30 Oct Making the Most of YOUR Now!
October 30, 2014
“Making the Most of YOUR Now!”
Be very careful, then, how you live—not as unwise but as wise, making the most of every opportunity, because the days are evil.
Ephesians 5:15-16 (NIV)
In January 2006, Dr. John Piper was diagnosed with prostate cancer. On the eve of his surgery he wrote a powerful message entitled, “Don’t Waste Your Cancer”. Just a couple of months later his dear friend and colleague, Dr. David Pawlison, was also diagnosed with prostate cancer, and he later added his comments to Dr. Piper’s original message. Their words inspired me three years before I was ever diagnosed. The message was a game-changer for me. It had never occurred to me to look at adversity of any kind as a great and rich “opportunity” to be maximized and not wasted. Even the opportunity of cancer. Because it’s not just about making it through cancer. It’s about making the most of cancer. It’s about making the most of the opportunity your have right now… whatever your “now” happens to be.
You waste your cancer when you are consumed worry, when your fear drives you to endless Internet searches about the cancer within you, or what the doctors are saying, what patients are saying, worrying if you have the best and right medical attention, worrying if you’ll have a reoccurrence… worrying until cancer becomes a ferocious mental preoccupation that consumes your every waking thought. Yes, it is good to acquire knowledge about what you’re experiencing. But allowing this knowledge to consume you with fear and worry is a waste of the opportunity God has given you. I considered deeply the Apostle Paul’s words in Ephesians 5:15-16, “Be careful how you live, not as unwise but as wise, making the most of every opportunity because the days are evil.” The original Greek word translated “evil” means full of labors, annoyances, hardships; great trouble, pain…
Shortly after I was diagnosed I received an email from a godly woman whom I esteem and admire greatly. Her words were few, but profound, “When I learned of your diagnosis my first thought was, ‘Lord, you must love Punky dearly to trust her with something as important as this.’”
That’s when it hit me: “There’s an opportunity here.” I held onto the truth that the cancer card that had been dealt to me had first been shown to God, and in His great love a mercy He considered it all, seeing the end from the beginning, and said, “Yes, I’ll allow it”. This wasn’t a curse. I didn’t do anything to deserve this cancer. It wasn’t a punishment. God wasn’t holding a grudge against me. No, He was holding out a gift to me. A gift in disguise. My job was to open it up and put it to use.
I prayed, “Lord, I don’t want to waste this. Help me to make the most of what You’ve given me.” That prayer was my sanity. I began to focus on how I could do cancer well, and walk this adventure out in such a way that put the focus on God:
• At every doctor’s appointment a group of dear friends would join me not just to support and encourage me, but to pray that we would “be a blessing and bring a blessing” to every single person we’d come in contact with at the hospital and doctor’s offices, the diagnostic and imaging lab, the waiting rooms. We prayed for doctors, nurses, staff, technicians, attendants, receptionists, patients…that we would be Jesus to them in some way. And we had many opportunities to pray with folks along the way.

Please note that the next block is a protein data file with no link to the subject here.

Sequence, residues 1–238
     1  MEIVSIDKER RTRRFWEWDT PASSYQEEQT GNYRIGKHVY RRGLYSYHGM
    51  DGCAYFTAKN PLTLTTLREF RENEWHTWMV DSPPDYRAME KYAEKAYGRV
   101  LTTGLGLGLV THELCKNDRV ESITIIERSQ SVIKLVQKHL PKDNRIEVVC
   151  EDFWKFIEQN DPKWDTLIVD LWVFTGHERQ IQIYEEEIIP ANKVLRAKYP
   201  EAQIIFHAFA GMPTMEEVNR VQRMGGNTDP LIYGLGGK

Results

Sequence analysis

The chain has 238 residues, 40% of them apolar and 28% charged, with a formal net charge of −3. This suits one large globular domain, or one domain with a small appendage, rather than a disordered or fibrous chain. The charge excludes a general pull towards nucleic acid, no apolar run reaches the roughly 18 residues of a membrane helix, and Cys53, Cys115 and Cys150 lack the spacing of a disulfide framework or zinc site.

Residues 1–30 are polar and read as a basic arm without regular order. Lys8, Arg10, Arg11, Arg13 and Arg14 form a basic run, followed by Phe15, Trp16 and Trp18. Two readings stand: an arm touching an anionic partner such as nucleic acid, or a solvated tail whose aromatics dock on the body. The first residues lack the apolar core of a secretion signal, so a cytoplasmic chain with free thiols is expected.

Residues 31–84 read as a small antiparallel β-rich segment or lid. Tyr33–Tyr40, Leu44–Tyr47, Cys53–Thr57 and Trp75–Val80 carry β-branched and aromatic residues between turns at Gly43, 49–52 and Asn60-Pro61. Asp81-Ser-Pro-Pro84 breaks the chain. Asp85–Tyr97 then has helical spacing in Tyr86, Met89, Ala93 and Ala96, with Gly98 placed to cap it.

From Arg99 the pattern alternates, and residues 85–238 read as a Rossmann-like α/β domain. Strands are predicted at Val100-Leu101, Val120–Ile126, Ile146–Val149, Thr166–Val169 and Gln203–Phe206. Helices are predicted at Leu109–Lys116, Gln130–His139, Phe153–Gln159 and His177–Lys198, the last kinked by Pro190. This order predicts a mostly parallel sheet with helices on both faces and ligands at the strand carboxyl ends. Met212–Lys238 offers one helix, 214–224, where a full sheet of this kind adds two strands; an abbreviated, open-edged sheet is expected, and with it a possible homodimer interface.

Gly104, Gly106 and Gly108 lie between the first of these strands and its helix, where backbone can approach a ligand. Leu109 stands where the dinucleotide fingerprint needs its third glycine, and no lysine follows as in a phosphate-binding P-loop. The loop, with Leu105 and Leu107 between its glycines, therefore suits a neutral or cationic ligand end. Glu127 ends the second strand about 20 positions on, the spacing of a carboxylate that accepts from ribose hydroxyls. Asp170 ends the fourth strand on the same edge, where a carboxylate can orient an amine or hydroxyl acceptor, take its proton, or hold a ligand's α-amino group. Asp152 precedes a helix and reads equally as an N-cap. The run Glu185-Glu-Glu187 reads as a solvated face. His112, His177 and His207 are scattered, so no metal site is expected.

• Shortly after my first surgery I received an email from a man in our church whose young wife had just been diagnosed with very early stage cancer. She had two very young children and was devastated. He asked if I’d be willing to reach out to her, which I immediately did. Within a week we’d met for coffee, shared our fears, some tears, our faith, and a lot of hope and encouragement… and Kathy Anderson and I became the dearest of friends…“Bosom Buddies”. I would have missed one of the greatest blessings to come out of breast cancer had I refused to open the gift and reach out in love and friendship.
• My list of “Bosom Buddies” grew as I continued to meet with and encourage women who were newly diagnosed and in need of someone who spoke the same “language”. These life-on-life relationships forged through one of the most challenging seasons of life, knitted together with pink ribbons, and flourishing in the faith became for me the most precious of friendships. More gifts from the Great Physician, Healer, and victorious God Himself. Gifts I would never have had the joy of opening had it not been for the opportunity and gift of breast cancer.
When life pitches you a curve ball you’re apt to cry, “Why me?” But do you ever ask why not me? When you get up in the morning and have a perfectly good day I bet you don’t typically question it. At least I don’t. So on those not-so-good days, like the days you find out you have cancer, well, why not you then? Here’s my point: We’re asking the wrong question when we ask why. The question to ask God is what. What would you have me do with what I’ve been given?
Here’s the deal: Some of God’s greatest gifts come wrapped in some pretty ugly paper. But they’re gifts just the same. Your job is to open the gift. You can cower in fear, or you can step out in faith. You can get all self-absorbed or you can give yourself away. But in order to make the most of your now you’ve got to open the gift.
What “gifts” have you been given that are still waiting to be opened? Considering Dr. Piper’s message, “Don’t Waste Your Cancer”, it can be applied to just about any adversity we encounter:
◦ Don’t waste your divorce
◦ Don’t waste your chronic illness
◦ Don’t waste your financial crisis
◦ Don’t waste your handicap
◦ Don’t waste your ( fill in the blank )
Don’t miss your opportunity. Take it to God, whatever it is, ask Him to help you unwrap the gift, and make the most of your now!
You are greatly and dearly loved by The King!